I issued the following press release on 21.11.2005
LOCAL MP CAMPAIGNS FOR
Local MP Lynne
Jones joined her female Labour colleagues this week in calling on Health Secretary
Patricia Hewitt MP, the BMA and NHS Employers, to give a higher priority to fighting
osteoporosis, a disease that affects about 1 in 2 women and 1 in 5 men over the age of 50.
said: Hundreds of people in my constituency suffer from osteoporosis and I am
pleased to join my fellow female MPs calling for action against this disease. 8 out of 9
people with osteoporosis are women.
Government, BMA and NHS Employers are currently reviewing the way GPs are incentivised to
treat diseases, and osteoporosis is one area which is being considered for a greater
focus. The record cold winter predicted this year is likely to lead to many elderly people
suffering osteoporotic fractures from falls and slips. It is an alarming statistic that
20% of people who suffer a fracture because of osteoporosis will die within one
than 2 million bed days are used in the NHS treating people with osteoporosis-related
fractures each year, but many could be prevented if the Government agrees to put greater
emphasis on encouraging GPs to identify and treat those people who are most at risk of
osteoporosis before a fracture happens.
We are arguing for simple, low-cost
indicators of the disease to be included in the Governments Quality Outcome
Framework review, so that doctors can intervene early enough to prevent older people
suffering avoidable multiple fractures, and reduce the burden of osteoporosis on the
letter to Patricia Hewitt, Dr Adrian Jacobs of the NHS Employers negotiating team, and Dr
Laurence Buckman of the BMA negotiating team, osteoporosis experts Dr Jonathan Bayly and
Penny Bainbridge make the case for better local services for the disease, to prevent the
avoidable suffering of so many older people, and reduce the huge burden on the NHS. The
negotiators have an opportunity to act now, improving the lives of thousands of women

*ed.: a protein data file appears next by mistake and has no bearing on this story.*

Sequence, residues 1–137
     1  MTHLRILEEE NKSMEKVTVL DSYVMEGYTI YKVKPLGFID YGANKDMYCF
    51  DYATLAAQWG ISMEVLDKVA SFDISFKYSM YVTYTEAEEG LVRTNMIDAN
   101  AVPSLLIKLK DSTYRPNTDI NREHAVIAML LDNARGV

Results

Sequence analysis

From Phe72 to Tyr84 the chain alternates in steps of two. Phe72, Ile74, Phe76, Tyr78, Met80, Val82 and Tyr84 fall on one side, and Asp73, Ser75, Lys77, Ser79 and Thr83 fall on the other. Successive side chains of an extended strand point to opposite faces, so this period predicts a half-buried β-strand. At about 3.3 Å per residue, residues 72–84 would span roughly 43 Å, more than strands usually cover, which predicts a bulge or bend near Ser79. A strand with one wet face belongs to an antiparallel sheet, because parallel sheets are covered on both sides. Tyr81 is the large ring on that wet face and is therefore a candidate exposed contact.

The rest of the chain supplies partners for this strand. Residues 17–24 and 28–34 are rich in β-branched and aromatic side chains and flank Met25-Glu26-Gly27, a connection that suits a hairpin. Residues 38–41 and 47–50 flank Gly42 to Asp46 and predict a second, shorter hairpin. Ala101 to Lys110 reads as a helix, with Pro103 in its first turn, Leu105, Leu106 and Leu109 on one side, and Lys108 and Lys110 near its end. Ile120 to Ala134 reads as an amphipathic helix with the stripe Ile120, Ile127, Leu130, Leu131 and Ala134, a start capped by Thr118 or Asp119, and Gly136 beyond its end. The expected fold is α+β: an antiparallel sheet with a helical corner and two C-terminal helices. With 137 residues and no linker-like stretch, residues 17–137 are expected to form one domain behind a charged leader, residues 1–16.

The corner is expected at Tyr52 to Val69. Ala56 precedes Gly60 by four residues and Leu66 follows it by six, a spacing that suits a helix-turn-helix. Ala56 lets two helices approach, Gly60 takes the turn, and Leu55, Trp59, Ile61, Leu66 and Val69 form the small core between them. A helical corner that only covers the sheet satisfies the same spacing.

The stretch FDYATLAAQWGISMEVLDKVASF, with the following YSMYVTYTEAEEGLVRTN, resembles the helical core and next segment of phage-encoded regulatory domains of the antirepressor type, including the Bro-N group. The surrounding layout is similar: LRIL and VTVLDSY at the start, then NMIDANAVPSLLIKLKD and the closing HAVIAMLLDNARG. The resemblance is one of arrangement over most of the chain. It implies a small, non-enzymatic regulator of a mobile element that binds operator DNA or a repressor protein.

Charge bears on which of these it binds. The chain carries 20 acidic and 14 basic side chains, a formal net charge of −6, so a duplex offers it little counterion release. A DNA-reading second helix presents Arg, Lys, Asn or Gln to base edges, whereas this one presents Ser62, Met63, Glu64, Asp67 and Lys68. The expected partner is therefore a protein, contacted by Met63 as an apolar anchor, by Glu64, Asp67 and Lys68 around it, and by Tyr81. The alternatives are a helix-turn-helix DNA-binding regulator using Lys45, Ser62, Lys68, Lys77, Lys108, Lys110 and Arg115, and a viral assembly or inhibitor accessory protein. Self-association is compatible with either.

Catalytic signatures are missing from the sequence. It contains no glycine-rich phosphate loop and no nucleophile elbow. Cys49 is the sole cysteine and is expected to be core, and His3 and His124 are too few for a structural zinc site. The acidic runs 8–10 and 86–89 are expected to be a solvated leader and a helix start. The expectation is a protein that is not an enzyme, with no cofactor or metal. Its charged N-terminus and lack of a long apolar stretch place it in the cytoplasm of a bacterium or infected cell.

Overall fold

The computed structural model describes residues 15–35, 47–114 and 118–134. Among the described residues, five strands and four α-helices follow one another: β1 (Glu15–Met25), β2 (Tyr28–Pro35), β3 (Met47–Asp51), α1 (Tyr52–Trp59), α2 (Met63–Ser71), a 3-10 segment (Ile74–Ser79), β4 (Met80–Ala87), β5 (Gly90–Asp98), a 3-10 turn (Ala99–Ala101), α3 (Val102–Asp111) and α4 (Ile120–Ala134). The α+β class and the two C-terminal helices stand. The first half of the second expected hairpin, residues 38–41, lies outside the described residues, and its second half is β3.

nationwide and preventing many deaths
NOTES TO EDITORS
Q: What is the personal cost of osteoporosis?
o Half of
people suffering an osteoporotic hip fracture can no longer live independently.
o In a
survey of older people, 80% said they would rather die than experience the reduced quality
of life that follows a serious hip fracture.
o 40% of
patients sustaining a clinical vertebral fracture will have constant pain and the majority
have difficulties with normal activities of daily living, e.g. dressing.
Q: What impact does it have on the health service?
year fractures in patients aged 60 or older account for more than 2 million hospital bed
days in England alone, more than cardiac ischemia, diabetes or heart failure.
fracture patients occupy one in five orthopaedic beds.
Q: Is osteoporosis becoming more common?
The number of osteoporotic fractures is set
to increase dramatically due to an ageing population and todays lifestyles.
intervention for osteoporosis difficult?
practice is well-suited to prevent osteoporotic fractures through systematic intervention,
but this potential is not being met.
high risk osteoporotic patients ultimately decreases GP workload by reducing the excess
number of consultations (as many as 14 in a year) that can follow the occurrence of a
Q: Why should osteoporosis be included as
soon as possible in the Quality Outcomes Framework (QOF)?
is effective, affordable, straightforward and well suited to being delivered in the
primary care setting.
in the revised QOF will support the achievement of the Governments policy objectives
across the UK and the All-Party Parliamentary Osteoporosis Group (APPOG) supports this
Q: What is the GMS contract
and Quality Outcomes Framework (QOF)?
o The General Medical Services contract governs the provision of
primary care services in the UK and is commonly known as the GMS
o Under the contract, primary care service provision is
measured against a Quality and Outcomes Framework (QOF). There is a national framework;
alternatively Primary Care Trusts can adopt local policies provided they fall within set
criteria. Primary Care providers services are measured in points, up to a maximum of
1,050. Each point is worth between £77 and £124 in terms of income for individual
Q: What is the timeframe for
the Quality Outcomes Framework (QOF)
o The GMS contract, together with the QOF, is in the course
of being reviewed and renegotiated. It was envisaged from the outset that the QOF would
have to be reviewed and updated in the light of changes to evidence base, advances in
healthcare, changes in legislation or regulation and the need for further clarity, or to
include new, evidence-based areas.
o The negotiating parties: NHS Employers, British Medical
Association and the four Departments of Health are nearing the end of their discussions. The remit of the parties is to consider all
aspects of the QOF, including whether existing indicators should be amended and whether
new indicators should be included. A revised
contract will take effect from April 2006.
Q: Where can I get further
o Information is available from the National Osteoporosis
or from Dr Jonathan Bayly (lead author for the QOF submission) or Penny Bainbridge, senior
lecturer in osteoporosis at Derby University, both of whom work with the NOS and in this disease
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